Needless to see, we like this trend. In the words of Ryan Kloppe, Statistical Surveys national marine sales manager, "It’s really encouraging to see, and it just shows that the momentum is going to continue into 2015.” Here's hoping!

For more:
Boat sales maintain hot streak in December

For smooth sailing and zero stress ... call SYS!

Tuesday, January 13, 2015

Former Dolphin Goes Overboard, Swims To Safety

Rob Konrad (#44) fended off more than an open field
tackle in the open ocean last week.   
Photo | Richard Graulich/The Palm Beach Post
An impromptu fishing trip could have ended in tragedy last week when Rob Konrad was jolted overboard into the open ocean, without a life vest or any way of getting back on his 31-foot boat, which was on autopilot and headed for the Bahamas. Instead, what happened next is really a testament to the former Miami Dolphins fullback's will to survive and fervent desire to be reunited with his family.

Konrad started swimming and swimming. And swimming. Some 16 hours, 27 miles and two missed rescue opportunities later, he crawled ashore at Palm Beach during the predawn hours of Thursday. Having survived an ordeal unlike anything he'd ever faced on the football field., the father of two reflected, "I shouldn't be here."
Konrad Humbled And Thankful Following Ordeal At Sea
Needless to say, even with its happy ending, this odyssey should serve as a cautionary tale to all of us boaters - safety first! Whether you're boating alone, like Konrad, or with others, it's always important to prepare and share a float plan before you shove off. Let others know where you're going and when to expect your return. A float plan facilitates the expediency and accuracy of search and rescue efforts.

More importantly, don't be fooled into complacency by your perceived skills or physical fitness. Even Konrad, an experienced boater and professionally trained athlete, acknowledges how slim the chances are of being able to tread water, let alone swim, for any protracted length of time in the open ocean.  A life vest could save your life: Wear It!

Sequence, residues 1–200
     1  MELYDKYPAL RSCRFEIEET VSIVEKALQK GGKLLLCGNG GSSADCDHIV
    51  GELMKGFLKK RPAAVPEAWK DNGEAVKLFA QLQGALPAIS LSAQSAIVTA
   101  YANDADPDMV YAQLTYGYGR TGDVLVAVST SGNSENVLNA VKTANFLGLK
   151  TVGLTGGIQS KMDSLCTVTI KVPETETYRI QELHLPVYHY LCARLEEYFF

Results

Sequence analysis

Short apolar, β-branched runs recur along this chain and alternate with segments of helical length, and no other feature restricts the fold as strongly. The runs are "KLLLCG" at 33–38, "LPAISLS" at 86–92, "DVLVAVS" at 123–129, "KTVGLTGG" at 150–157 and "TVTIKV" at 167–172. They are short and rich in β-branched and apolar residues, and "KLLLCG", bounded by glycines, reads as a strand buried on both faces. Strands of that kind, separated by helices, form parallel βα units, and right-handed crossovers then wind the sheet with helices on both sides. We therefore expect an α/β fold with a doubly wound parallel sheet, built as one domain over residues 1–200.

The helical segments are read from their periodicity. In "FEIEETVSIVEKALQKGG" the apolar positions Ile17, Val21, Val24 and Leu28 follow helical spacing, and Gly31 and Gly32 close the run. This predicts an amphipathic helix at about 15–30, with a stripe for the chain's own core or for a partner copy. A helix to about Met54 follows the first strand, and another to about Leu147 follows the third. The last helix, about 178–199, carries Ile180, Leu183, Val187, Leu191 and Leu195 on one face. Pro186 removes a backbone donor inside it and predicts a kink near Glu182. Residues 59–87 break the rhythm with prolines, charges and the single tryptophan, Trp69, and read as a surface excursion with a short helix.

We're in awe of Konrad's strength (of body, mind, and spirit) and thankful he is home safe and sound. May his future fish tales just be about "the one that got away".

For smooth sailing and zero stress ... call SYS!

Wednesday, January 7, 2015

BREAKING: Volvo Ocean Race Lead Change
Team SCA and MAPFRE Gybe!

For smooth sailing and zero stress ... call SYS!

Charter Crew Saves Six From Burning Boat (Video)

While the cause of the December 29 explosion is unknown, six boaters in Cape Coral were certainly grateful for the brave and timely assistance of charter captains David Holzhauer and David Durham. Upon hearing a loud noise and seeing thick, black smoke unfurling from the small boat, the captains raced over to rescue everyone on board and to re-position the fiery hazard further away from other boats and the nearby fuel dock at Tarpon Point Marina.
Charter Crew Saves Six From Burning Boat (Video)

It's always nice to know that, as Capt. Durham put it, "Boaters stick together." Well done, sirs, well done.
For smooth sailing and zero stress ... call SYS!

Monday, January 5, 2015

Brush Up On Basic Nav Rules: "We'll See You At One Whistle"
HINT: It's Not A Local Watering Hole

You may have heard (or used) the term "one whistle" in radio communications between two yachts approaching each other head-on. This is often used as a shorthand, verbal replacement for the warning signal of one horn blast used to indicate a vessel is maneuvering to starboard, as outlined in Rule 34 of the U.S. Coast Guard's Navigation Rules ("Rules of the Road").

By changing to a starboard course, the skipper leaves the oncoming vessel to port, thereby avoiding collision. This is the preferred and customary tack when boats are approaching each other bow-first.

Need a more practical refresher on how to handle head-on meetings on the water? Here you go:

Remember, when in doubt, shout it out! What we mean by that is, clearly convey your intentions to the approaching vessel so there is no room for confusion or, worse, error. If for any reason you're not sure what the other skipper is planning to do, don't be shy - hail him on the radio and ask. We find it's best not to assume everyone knows and/or follows the Rules of the Road "by the book". #SaferBoating

For more videos explaining the navigation rules, we encourage you to visit the Boat On Course website presented by National Safe Boating Council. Even salty sailors and veteran captains can use a good refresher here and there!

For smooth sailing and zero stress ... call SYS!

Friday, January 2, 2015

Fishermen Rescued Off Fisher Island

The five were fishing for bait near Fisher Island when their boat began taking on water and they were forced to call the U.S. Coast Guard for help.
5 men rescued off Fisher Island after boat capsizes
Fortunately, the men were uninjured and seemed in good spirits. The cause of the leak is unknown.

For smooth sailing and zero stress ... call SYS!